Loyiso Mfuku, the owner of Khayelitsha Travel and Tours, is also known as the ambassador of Khayelitsha in Cape Town, a title he takes seriously. Ask him any question about the area and he will rattle off the best spots to visit, as well as what people need to know about life in the township.
Lockdown has been a difficult time for him: his business is still closed and his premises were burgled at the beginning of April. However, this has not stopped Mfuku from living up to his moniker.
Mfuku partnered with Ke Nako, an NGO owned by Mike Frantz, a Luxembourg businessman, to distribute money to needy families in Khayelitsha. Frantz raised more than R100,000 to support the most vulnerable families during the Covid-19 crisis and Mfuku distributed it.
However, Mfuku wanted to do more and empower people. These days you will find him knee-deep in compost urging people to join the green revolution. He selected 10 people to start an urban farming initiative with the Green Guerillas providing training. The course teaches people how to grow premium crops using organic methods which will help them feed their families, community and start their own business. In the future, the trainees will start their own community garden in Khayelitsha Ke NaKo will provide the necessary equipment and resources.
Herbert Puley, the owner of Murishaan Enterprises, a bakery in Progress, Upington, was moved by the number of hungry people he saw on his way to work every morning.
“Once a week I park my bakkie near a clinic and hand out loaves of bread to the hungry. I am glad that some families are being fed during this trying time. Eventually, I would like to give people a warm bowl of soup with their bread.
“People need to come together in these trying times. The government is doing its share, but this is a unique situation, and everyone must join in,” adds Herbert.
Food security is also close to Melun Jeptha’s heart. She is a professional natural scientist in Hawston and the owner of Ohana Environmental Consultants and Projects. Her mission is to protect the environment for future generations. She noticed two empty plots of land that were being used as dumping grounds and decided to do something about it.
So, she pitched the idea of turning it into food gardens. The community loved the idea and helped clear the vacant plots and prepare the beds for planting. The first garden, the Overstrand Care Centre Garden is on the premises of a hospice and the vegetables will be used to provide nutritious meals to the hospice patients.
Her second project, The Franklin Ohana Sustainability Garden, has received a small grant from the Table Mountain Fund. Now, members of the community, primarily women, will learn how to make their own compost, how to plant and grow their own food. These gardens will produce more than vegetables; they will create employment for locals, those working this land will become certified and this will help them find jobs in the urban farming sector.
Jeptha hopes that the abundance of produce will create a need for a farmer’s market in Hawston. These are vital projects, especially for an impoverished community with a high unemployment rate and where drug use among the youth is common. The food gardens will go a long way towards alleviating these social ills and the impact will be felt by generations to come.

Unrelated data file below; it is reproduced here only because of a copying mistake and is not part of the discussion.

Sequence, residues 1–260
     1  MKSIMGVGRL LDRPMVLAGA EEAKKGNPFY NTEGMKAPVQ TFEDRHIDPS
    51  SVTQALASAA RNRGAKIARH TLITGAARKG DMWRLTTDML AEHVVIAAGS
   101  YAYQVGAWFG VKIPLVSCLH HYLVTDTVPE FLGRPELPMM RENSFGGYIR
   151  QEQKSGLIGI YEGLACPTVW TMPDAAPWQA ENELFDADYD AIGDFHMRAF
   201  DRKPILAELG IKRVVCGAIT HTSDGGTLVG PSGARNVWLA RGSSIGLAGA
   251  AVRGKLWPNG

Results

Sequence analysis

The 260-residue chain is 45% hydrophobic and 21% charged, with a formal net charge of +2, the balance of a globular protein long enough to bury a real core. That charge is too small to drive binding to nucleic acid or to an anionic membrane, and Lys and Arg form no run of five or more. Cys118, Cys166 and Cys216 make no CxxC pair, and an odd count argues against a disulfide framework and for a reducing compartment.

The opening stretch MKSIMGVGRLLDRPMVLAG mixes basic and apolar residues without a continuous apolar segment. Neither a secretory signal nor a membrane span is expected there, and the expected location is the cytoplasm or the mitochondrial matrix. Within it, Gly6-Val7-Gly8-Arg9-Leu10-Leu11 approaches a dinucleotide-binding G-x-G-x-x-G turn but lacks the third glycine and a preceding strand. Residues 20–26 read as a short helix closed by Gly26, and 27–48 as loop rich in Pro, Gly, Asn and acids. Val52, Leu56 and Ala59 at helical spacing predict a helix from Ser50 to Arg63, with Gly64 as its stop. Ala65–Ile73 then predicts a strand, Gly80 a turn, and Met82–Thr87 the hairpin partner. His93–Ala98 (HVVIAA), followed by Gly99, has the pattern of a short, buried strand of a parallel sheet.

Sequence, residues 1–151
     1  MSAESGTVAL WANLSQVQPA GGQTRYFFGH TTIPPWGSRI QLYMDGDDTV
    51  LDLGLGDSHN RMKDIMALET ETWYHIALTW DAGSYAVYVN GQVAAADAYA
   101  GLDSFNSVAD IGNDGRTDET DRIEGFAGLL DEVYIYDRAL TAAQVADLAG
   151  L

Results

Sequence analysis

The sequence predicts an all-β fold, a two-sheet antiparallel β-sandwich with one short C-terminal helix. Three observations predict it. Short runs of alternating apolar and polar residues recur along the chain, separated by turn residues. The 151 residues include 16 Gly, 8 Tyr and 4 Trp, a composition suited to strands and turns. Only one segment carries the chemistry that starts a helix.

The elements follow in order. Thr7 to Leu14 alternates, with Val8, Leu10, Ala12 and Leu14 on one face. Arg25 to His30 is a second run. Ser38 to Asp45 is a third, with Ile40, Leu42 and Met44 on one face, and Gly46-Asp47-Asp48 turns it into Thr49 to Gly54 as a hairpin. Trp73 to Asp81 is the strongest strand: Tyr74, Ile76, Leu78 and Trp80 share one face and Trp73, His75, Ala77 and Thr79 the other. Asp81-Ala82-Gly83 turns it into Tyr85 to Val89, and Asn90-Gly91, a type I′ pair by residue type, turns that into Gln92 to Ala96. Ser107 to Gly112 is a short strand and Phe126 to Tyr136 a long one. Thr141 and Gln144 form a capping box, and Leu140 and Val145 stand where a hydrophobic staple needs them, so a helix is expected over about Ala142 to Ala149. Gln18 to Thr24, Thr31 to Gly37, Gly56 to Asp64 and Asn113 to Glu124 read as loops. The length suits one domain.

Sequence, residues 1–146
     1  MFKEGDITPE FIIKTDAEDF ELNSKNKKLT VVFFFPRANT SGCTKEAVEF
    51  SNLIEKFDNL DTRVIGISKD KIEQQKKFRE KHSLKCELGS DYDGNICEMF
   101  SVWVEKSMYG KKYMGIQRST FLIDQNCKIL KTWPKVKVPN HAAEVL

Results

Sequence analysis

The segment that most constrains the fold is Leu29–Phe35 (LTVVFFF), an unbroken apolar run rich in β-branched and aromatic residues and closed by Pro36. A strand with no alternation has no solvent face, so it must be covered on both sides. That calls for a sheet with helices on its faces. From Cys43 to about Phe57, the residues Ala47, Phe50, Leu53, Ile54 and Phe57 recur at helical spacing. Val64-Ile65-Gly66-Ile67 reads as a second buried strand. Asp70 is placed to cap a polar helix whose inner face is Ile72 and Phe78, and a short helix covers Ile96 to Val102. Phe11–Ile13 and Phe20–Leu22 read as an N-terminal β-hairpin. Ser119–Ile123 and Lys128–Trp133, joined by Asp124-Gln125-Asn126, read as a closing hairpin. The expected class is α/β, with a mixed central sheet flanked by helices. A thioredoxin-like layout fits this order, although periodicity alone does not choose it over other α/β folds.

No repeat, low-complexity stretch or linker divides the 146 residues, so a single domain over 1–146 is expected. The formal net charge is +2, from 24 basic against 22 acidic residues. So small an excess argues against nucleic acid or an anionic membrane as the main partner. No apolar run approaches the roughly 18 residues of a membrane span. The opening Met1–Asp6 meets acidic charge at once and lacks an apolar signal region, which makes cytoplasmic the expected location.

When Bright Hlatswayo was growing up in the village of Phiva in Mpumalanga, the only forms of recreation were playing soccer on a dusty field and playing in the river, which they seldom did because his parents thought it was too dangerous.
Today, Hlatswayo, the owner of Stone Décor, is determined that the children in the village will have a better upbringing than he did. In 2014 he and a group of like-minded individuals started a Mandela Day movement and thereafter created an NGO, the Phiva Youth Empowerment Organisation. They painted a preschool, bought playground equipment and held a careers day to encourage children to dream big.
Last year they obtained permission from a local chief to use a piece of land as a recreational park for children in the village. The community was so moved by the contributions that they gave the NGO an award. This year they are focusing on making a difference in the lives of those who have been hit hard by the coronavirus pandemic and have lost their livelihoods. Bright is hoping other businesses join their initiative and make a real impact in their community.
Euodia Naanyane-Bouwer is the owner of Gracious Nubian. This social entrepreneur makes Beulah Reusable Sanitary Pads that are washable and environmentally friendly. She has spent lockdown actively campaigning to give 80 girls from the Nzame Public School in Bloemfontein access to a two-year supply of sanitary pads. To date, she has collected donations that will ensure 30 young girls will have peace of mind when they go back to school. She has also been using social media to create awareness.
Naanyane-Bouwer says: “Nzame Public School supports children from the poorest neighbourhoods in Bloemfontein. Many people don’t realise that if a girl does not have feminine hygiene products, the chances are high that their mothers, grandmothers and aunties don’t have them as well. In many instances, these girls have to decide between buying a loaf of bread or buying a sanitary towel. I want to ensure they don’t have to make that choice.”